High-Field Liquid-State Dynamic Nuclear Polarization in Microliter Samples #DNPNMR

Yoon, Dongyoung, Alexandros I. Dimitriadis, Murari Soundararajan, Christian Caspers, Jeremy Genoud, Stefano Alberti, Emile de Rijk, and Jean-Philippe Ansermet. “High-Field Liquid-State Dynamic Nuclear Polarization in Microliter Samples.” Analytical Chemistry 90, no. 9 (May 2018): 5620–26.

Nuclear hyperpolarization in liquid state by dynamic nuclear polarization (DNP) has been of great interest because of its potential use in NMR spectroscopy of small samples of biological and chemical compounds in aqueous media. Liquid state DNP generally requires microwave resonators in order to generate an alternating magnetic field strong enough to saturate electron spins in the solution. As a consequence, the sample size is limited to dimensions of the order of the wavelength, and this restricts the sample volume to less than 100 nL for DNP at 9 T (~ 260 GHz). We show here a new approach that overcomes this sample size limitation. Large saturation of electron spins was obtained with a high-power (~ 150 W) gyrotron without microwave resonators. Since high power microwaves can cause serious dielectric heating in polar solutions, we designed a planar probe which effectively alleviates dielectric heating. A thin liquid sample of 100 μm of thickness is placed on a block of high thermal conductivity aluminum nitride with a gold coating, that serves both as a ground plane and as a heat sink. A meander or a coil were used for NMR. We performed 1H DNP at 9.2 T (~ 260 GHz) and at room temperature with 10 μL of water, a volume that is more than 100 times larger than reported so far. The 1H NMR signal is enhanced by a factor of about -10 with 70 W of microwave power. We also demonstrated liquid state 31P DNP in fluorobenzene containing triphenylphosphine, and obtained an enhancement of ~200.

High frequency dynamic nuclear polarization: New directions for the 21st century #DNPNMR

Griffin, Robert G., Timothy M. Swager, and Richard J. Temkin. “High Frequency Dynamic Nuclear Polarization: New Directions for the 21st Century.” Journal of Magnetic Resonance 306 (September 2019): 128–33.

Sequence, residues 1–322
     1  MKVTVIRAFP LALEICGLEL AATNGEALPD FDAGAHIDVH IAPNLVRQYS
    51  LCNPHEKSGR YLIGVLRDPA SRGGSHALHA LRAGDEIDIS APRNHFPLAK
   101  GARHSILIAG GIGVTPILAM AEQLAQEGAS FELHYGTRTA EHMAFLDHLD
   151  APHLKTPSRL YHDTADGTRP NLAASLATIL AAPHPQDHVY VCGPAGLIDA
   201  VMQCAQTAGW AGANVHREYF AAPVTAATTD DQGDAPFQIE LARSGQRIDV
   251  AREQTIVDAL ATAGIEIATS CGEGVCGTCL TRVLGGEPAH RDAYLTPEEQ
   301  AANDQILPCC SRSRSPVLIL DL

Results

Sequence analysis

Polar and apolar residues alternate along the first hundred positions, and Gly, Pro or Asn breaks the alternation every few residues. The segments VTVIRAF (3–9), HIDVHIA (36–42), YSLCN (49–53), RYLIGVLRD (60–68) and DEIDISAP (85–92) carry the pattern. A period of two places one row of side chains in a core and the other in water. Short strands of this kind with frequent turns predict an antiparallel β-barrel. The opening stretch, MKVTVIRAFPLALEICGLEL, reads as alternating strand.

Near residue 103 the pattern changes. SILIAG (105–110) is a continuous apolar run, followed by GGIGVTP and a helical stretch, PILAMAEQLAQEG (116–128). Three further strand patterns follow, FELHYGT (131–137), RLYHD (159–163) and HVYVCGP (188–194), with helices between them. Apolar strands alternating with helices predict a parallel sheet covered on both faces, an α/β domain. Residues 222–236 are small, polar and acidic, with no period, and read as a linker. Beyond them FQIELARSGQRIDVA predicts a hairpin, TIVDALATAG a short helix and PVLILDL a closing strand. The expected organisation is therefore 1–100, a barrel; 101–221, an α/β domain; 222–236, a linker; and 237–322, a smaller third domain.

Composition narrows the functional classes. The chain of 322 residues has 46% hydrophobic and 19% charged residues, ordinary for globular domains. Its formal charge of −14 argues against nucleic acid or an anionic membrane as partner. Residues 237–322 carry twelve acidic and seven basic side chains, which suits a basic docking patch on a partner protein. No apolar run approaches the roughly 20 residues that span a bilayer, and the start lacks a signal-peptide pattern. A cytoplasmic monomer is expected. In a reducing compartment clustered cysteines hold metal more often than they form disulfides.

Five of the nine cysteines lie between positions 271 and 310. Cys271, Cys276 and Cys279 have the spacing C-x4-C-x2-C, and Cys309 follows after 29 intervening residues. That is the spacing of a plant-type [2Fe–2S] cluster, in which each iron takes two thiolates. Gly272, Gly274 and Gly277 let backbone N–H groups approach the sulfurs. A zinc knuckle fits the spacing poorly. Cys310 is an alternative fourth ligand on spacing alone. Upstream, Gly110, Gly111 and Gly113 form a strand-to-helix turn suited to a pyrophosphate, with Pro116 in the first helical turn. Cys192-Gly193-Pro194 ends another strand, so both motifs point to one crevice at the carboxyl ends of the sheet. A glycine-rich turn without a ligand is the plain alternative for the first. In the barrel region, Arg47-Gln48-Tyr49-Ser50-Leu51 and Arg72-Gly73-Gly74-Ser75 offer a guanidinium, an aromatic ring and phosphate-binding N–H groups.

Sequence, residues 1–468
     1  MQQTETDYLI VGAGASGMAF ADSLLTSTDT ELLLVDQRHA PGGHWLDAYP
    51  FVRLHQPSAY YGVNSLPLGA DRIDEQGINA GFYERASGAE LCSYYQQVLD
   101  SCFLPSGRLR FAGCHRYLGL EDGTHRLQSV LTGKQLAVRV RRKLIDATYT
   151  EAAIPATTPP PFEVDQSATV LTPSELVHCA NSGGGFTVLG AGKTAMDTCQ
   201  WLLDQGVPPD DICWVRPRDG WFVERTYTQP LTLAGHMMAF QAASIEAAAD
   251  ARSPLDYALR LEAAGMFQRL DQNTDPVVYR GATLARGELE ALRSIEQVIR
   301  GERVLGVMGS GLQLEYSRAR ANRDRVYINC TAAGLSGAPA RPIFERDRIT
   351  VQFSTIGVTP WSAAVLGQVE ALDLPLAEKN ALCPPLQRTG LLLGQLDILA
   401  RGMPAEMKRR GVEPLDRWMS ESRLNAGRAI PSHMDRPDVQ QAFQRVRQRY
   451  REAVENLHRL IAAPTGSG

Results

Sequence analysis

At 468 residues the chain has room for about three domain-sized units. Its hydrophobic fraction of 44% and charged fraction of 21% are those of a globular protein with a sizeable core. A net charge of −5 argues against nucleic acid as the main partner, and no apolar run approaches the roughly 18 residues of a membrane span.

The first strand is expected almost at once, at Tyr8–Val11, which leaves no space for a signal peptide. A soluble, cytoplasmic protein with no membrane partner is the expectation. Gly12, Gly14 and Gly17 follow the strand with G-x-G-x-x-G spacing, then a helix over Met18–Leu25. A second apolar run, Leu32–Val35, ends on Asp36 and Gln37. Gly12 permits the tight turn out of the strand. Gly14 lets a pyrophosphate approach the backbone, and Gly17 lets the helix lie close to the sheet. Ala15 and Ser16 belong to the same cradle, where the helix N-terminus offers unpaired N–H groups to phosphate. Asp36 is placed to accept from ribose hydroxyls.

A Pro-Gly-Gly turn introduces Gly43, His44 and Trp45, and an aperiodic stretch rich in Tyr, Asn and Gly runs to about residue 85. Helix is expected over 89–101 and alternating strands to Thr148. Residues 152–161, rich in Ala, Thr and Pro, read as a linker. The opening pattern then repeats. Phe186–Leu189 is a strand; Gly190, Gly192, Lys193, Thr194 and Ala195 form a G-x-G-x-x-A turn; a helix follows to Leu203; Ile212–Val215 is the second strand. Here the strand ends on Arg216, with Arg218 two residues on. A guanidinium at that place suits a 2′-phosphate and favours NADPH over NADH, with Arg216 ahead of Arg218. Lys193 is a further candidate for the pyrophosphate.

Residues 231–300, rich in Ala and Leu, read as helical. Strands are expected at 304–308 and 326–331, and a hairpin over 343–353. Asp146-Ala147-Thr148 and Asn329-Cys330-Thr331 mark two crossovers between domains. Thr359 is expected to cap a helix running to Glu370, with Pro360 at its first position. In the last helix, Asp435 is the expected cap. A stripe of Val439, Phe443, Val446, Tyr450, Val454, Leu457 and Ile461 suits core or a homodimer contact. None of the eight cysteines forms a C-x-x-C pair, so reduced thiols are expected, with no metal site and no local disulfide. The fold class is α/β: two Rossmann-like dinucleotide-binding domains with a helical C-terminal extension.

Dynamic nuclear polarization (DNP) is a technique that permits the sensitivity of nuclear magnetic resonance (NMR) experiments to be enhanced by a factor of (γe/γn) where the γ’s are the gyromagnetic ratios of the electron and a nuclear spin, respectively. When the nuclear spin is 1H, then optimally (γe/γH) ∼ 660. At present, ε ∼ 100 is readily achieved but even this “modest” enhancement means that the experimental acquisition time is reduced by a factor of 104. Thus, an experiment can be done in a single day that would otherwise require ∼ 30 years of signal averaging. Accordingly, the incorporation of DNP into MAS and solution experimental protocols has enabled many experiments that are otherwise simply not possible. Furthermore, DNP experiments are in principle quite straightforward to perform and involve introducing a paramagnetic polarizing agent such as a bisnitroxide biradical into a glassy matrix containing the solute molecule of interest. Subsequently, the sample is irradiated with high frequency microwaves that excite electron-nuclear spin transitions, and, via a number of mechanisms discussed below, the large polarization in the electron spin reservoir is transferred to the nuclei.